Greece is in deep trouble. The government is broke, the people are rioting in the streets, and the country’s days in the Eurozone are numbered. But Greece’s ruling political parties are now facing a financial crisis that really hits them where it hurts: they’re nearly bankrupt.In Greece, political parties receive state funding based on their performance in national elections and are often able to take out loans backed by the promise of future state funds. Now that their electoral fortunes are falling, so too is their funding, putting them in serious debt to the country’s banks.Not surprisingly, this has many worried about potential conflicts of interest, as the governing parties are looking to restructure a banking system to which they are heavily indebted. Reuters has the details:
The parties’ debts raise questions about potential conflicts of interest because the government is in hock to a financial system that it also needs to reform. . .Leandros Rakintzis, Greece’s independent inspector-general of public administration, believes the financial crunch the two big parties face is proof that Greece’s political funding system is flawed. “This is all about the exchange of favors,” he said. “These parties cannot pay the debt so it’s a vicious circle in which they come to depend on the banks. It creates an interdependence of politicians and banks.”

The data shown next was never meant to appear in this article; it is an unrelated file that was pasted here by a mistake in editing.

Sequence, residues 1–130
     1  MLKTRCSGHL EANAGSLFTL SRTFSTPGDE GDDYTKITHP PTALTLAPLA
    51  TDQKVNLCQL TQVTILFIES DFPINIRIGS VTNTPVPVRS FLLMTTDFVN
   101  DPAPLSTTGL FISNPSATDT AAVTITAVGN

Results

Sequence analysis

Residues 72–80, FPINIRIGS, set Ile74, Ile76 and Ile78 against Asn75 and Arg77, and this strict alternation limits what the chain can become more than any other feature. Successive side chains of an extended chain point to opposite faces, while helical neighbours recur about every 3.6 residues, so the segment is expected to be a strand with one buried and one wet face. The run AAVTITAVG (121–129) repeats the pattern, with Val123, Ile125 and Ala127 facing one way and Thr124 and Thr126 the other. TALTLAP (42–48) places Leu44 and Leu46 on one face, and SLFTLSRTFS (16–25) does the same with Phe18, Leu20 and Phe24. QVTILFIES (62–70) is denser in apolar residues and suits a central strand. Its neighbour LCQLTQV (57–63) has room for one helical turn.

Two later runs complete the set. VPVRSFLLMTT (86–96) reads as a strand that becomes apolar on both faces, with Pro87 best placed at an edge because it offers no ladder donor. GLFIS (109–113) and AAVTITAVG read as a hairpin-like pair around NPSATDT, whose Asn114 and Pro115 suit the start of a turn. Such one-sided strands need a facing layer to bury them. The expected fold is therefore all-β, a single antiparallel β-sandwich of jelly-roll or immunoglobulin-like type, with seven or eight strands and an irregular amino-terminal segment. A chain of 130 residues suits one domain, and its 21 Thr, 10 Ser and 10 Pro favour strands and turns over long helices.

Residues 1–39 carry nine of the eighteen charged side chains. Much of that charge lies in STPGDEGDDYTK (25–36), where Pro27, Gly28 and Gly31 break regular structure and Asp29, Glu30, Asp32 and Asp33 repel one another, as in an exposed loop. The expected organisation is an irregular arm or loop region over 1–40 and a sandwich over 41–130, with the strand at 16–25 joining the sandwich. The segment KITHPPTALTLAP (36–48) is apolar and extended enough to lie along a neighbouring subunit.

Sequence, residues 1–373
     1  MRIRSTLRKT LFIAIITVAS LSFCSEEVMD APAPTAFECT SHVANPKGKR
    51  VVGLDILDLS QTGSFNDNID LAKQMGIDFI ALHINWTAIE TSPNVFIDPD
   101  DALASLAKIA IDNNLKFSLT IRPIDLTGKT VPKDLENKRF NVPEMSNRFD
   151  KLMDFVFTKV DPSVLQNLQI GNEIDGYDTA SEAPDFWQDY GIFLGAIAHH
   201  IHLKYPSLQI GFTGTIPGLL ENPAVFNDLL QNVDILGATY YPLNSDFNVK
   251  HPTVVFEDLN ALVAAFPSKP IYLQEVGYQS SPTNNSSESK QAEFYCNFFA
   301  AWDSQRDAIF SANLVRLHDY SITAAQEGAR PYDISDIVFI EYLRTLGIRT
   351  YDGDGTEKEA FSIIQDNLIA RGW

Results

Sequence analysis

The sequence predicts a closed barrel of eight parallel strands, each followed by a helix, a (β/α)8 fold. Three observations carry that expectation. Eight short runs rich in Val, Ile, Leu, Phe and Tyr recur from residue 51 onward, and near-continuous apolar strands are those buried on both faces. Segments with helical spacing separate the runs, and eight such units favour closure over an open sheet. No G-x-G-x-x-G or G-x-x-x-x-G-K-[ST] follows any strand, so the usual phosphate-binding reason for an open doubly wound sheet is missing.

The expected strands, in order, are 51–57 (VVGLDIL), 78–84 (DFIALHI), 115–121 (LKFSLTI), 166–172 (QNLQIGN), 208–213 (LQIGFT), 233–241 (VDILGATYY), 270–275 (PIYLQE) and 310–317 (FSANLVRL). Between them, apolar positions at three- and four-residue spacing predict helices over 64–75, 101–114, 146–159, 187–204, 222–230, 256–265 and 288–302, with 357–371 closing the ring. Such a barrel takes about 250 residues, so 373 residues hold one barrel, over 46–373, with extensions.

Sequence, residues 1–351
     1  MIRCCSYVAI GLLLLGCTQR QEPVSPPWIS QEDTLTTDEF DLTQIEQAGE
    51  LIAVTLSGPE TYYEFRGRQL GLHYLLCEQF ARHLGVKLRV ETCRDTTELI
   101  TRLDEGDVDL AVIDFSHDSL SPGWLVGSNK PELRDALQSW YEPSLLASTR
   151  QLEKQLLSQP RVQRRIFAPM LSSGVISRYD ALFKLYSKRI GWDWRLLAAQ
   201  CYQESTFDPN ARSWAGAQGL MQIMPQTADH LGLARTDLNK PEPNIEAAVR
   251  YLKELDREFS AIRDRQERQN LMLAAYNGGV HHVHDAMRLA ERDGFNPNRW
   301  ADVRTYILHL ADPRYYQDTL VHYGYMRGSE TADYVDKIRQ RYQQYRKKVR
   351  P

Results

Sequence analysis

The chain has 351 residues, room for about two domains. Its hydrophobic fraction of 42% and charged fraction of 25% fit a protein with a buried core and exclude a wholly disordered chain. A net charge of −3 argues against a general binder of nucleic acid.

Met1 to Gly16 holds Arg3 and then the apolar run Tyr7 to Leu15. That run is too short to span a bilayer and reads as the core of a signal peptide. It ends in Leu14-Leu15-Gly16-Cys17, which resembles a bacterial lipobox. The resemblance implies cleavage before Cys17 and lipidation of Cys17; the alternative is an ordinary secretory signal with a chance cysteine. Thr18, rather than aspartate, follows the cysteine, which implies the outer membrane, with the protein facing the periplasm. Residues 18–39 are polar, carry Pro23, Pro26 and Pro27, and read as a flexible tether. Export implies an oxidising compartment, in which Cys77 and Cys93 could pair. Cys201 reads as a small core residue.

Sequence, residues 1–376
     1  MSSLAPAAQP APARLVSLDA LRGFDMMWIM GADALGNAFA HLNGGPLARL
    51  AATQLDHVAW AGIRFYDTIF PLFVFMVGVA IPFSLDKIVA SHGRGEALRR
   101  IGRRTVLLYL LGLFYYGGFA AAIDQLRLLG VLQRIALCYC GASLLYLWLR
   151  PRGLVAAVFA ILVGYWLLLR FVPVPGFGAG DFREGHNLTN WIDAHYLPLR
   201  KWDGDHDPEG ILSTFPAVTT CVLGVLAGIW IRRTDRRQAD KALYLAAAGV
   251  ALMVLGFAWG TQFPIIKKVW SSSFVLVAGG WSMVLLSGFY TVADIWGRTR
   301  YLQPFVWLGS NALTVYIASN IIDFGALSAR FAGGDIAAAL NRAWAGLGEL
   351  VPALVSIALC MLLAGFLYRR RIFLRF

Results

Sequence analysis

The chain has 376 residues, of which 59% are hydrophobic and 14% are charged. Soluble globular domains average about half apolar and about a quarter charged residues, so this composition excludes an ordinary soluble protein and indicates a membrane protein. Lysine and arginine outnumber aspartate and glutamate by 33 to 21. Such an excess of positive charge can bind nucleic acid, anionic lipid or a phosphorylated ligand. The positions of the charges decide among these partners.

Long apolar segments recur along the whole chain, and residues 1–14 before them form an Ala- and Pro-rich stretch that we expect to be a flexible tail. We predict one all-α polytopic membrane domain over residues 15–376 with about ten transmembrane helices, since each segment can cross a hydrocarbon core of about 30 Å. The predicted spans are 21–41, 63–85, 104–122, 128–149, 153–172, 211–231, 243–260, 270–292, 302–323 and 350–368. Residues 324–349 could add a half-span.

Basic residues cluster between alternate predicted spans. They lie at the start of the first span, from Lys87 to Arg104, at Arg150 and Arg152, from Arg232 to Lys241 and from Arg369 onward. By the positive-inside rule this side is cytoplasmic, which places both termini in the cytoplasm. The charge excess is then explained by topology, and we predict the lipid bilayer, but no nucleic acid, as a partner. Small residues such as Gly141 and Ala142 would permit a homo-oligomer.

This state-funded system combines the worst of all worlds. In a society notorious for political corruption and sclerotic government, this system is wide open for abuse by unscrupulous politicians. If the parties’ finances get desperate enough that they are forced to choose between their finances and the good of the country, things could get ugly very quickly.